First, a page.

I have to continue increasing everyone's awareness that improved government service effectiveness and transformation cannot be achieved without IT.
CIO, commonwealth of Massachusetts
So, the economy certainly calls for belt-tightening all around, but it also provides an opportunity for creative problem-solving, and that's something I think our strong cadre of technical and business leaders have done well in the face of ongoing challenges.
How do you make the argument that improvement and transformation of government services cannot happen without investment in IT?
Letchford: The business actually gets the concept of investing in IT in order to support and enable the business and even transform the business. The challenge now in a very, very tough economy -- which is now the new normal -- is working out how to sustain that support and transformation. Ultimately you've got to demonstrate that you're actually delivering that value and explain how that value is being captured. It can come from increased effectiveness, in which you're driving better services to constituents. Or it can be done in a more traditional way, correlating the investments in IT directly to the savings that are being achieved.
Can you give an example of this?
Letchford: We've been in the process of rolling out self-service time and attendance tracking across the whole executive department. It's not as simple it sounds. We realized we needed to make a very significant, ongoing investment in IT to make it work. We had to make an investment in a shared services organization because we realized that self-service time and attendance services at a comptroller's level, the HR level and across the executive department will make things better. What we're going to see in the coming years is how you actually relate that into material savings.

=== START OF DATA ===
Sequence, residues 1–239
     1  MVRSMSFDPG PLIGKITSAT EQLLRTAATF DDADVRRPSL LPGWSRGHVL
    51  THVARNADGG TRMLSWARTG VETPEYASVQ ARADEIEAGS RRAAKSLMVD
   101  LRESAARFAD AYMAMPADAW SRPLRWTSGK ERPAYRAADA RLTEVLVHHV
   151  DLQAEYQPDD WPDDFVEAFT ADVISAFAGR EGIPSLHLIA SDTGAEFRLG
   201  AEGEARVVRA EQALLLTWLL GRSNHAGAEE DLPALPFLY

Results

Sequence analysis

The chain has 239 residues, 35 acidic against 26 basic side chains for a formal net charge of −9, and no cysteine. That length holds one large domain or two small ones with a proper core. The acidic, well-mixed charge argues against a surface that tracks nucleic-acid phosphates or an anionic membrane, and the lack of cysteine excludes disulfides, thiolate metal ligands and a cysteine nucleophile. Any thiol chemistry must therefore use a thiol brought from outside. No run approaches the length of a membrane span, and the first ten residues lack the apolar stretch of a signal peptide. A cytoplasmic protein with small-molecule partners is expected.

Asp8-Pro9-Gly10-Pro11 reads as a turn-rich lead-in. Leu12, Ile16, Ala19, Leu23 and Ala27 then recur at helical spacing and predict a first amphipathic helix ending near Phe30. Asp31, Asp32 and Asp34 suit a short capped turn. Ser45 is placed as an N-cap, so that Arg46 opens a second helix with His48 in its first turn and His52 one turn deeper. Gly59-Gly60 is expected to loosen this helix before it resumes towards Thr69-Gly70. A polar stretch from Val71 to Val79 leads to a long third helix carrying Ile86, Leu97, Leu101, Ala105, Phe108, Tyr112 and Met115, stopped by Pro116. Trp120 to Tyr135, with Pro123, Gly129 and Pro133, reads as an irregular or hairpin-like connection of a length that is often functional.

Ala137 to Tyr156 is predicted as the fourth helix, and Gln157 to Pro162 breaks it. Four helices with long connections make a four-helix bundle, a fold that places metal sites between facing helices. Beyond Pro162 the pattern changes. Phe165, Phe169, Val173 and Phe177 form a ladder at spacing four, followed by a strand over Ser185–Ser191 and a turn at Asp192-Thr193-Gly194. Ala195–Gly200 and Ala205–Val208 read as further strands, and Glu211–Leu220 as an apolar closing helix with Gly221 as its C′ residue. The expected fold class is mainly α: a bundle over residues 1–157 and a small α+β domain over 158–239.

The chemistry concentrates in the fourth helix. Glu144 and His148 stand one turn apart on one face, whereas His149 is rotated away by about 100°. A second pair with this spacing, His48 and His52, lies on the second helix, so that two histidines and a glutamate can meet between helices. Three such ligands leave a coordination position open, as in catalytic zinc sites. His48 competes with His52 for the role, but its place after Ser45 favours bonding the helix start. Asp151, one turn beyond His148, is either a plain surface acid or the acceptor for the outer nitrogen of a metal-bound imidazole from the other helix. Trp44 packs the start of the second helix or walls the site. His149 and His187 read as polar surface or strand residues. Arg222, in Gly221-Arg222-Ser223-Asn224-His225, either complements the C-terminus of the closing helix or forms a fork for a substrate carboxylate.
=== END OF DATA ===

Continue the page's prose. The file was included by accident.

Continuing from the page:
One area where shared services are effecting change is in the deployment of personnel. We've started moving people around to other parts of organizations. Now people don't need to spend all their time filling in time sheets for the whole organization; they can be repurposed to do something more efficient. But that's an efficiency gain, not a net saving.